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Adriana Galván, University of California, Los Angeles, received a 2019 Troland Research Award.

Galván has made pioneering discoveries about brain development in children, adolescents, and adults. Her work, conducted with an eye toward informing policy on juvenile justice and related issues, has already transformed our understanding of adolescent neurobiological development. 

In particular, one of Galván’s first studies, published in 2006, changed our perception of adolescent risk behaviors. At the time, it was assumed these behaviors were related to the development of the prefrontal cortex. Galván challenged this, demonstrating that it is actually much more nuanced. This influential paper has already been cited more than 1,100 times and laid the groundwork for understanding other characteristic adolescent behaviors.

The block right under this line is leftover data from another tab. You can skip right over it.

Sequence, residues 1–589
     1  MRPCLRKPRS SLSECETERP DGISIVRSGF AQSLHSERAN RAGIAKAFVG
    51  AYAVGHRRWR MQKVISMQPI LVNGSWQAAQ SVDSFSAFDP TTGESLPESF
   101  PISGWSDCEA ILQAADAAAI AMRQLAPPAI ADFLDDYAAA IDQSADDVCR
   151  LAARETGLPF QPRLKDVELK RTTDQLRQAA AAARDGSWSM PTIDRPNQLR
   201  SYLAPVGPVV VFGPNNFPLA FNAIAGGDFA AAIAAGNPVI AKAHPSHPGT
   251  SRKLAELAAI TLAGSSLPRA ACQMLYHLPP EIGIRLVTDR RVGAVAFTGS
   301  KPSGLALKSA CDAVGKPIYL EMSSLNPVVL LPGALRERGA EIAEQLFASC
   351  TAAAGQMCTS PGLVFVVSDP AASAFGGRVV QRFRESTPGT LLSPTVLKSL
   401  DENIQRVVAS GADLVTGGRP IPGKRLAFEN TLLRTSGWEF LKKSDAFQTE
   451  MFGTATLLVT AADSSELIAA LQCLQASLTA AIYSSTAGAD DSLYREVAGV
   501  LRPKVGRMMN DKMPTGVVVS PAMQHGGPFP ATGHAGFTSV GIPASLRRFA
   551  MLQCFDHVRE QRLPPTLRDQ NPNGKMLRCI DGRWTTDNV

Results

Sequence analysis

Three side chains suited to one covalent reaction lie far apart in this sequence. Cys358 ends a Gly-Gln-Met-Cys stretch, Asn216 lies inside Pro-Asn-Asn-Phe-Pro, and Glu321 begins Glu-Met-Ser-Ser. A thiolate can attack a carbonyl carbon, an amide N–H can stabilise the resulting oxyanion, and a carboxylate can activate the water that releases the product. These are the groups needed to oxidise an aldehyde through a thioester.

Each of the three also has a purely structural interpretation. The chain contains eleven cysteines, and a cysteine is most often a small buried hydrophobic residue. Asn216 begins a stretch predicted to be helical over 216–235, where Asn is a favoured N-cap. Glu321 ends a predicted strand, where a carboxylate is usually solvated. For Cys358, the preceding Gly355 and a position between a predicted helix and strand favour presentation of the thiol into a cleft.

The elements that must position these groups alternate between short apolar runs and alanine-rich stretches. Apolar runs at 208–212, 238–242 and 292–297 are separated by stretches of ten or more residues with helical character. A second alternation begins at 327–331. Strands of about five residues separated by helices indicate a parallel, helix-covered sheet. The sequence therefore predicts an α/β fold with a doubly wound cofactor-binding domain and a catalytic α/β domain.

Also in 2006, Galván tackled the question of why adolescents are more at risk of accidental death. She showed that the adolescent brain inadequately regulates feelings such as desire, fight and flight. The research showed that adolescence is not just a transition into adulthood; it is also a transition out of childhood.

Galván’s work has also addressed critical environmental factors affecting behavior, such as the role of sleep and family disadvantages on the neurodevelopment of the parts of the brain associated with risk and reward. 

Perhaps most importantly, Galván’s recent research has also shown that the adolescent brain is also adaptive, illustrating ways that behavior can be improved and that the adolescent brain is excellent at learning new information and learning from feedback. 

Collectively, Galván’s groundbreaking work has challenged and changed our perception of adolescent development and has, in just over a dozen years, had tremendous impact on science, law and social policy.

Two Troland Research Awards of $75,000 are given annually to recognize unusual achievement by young investigators (defined as no older than 40) and to further empirical research within the broad spectrum of experimental psychology. 


Watch Galván's Acceptance Speech »

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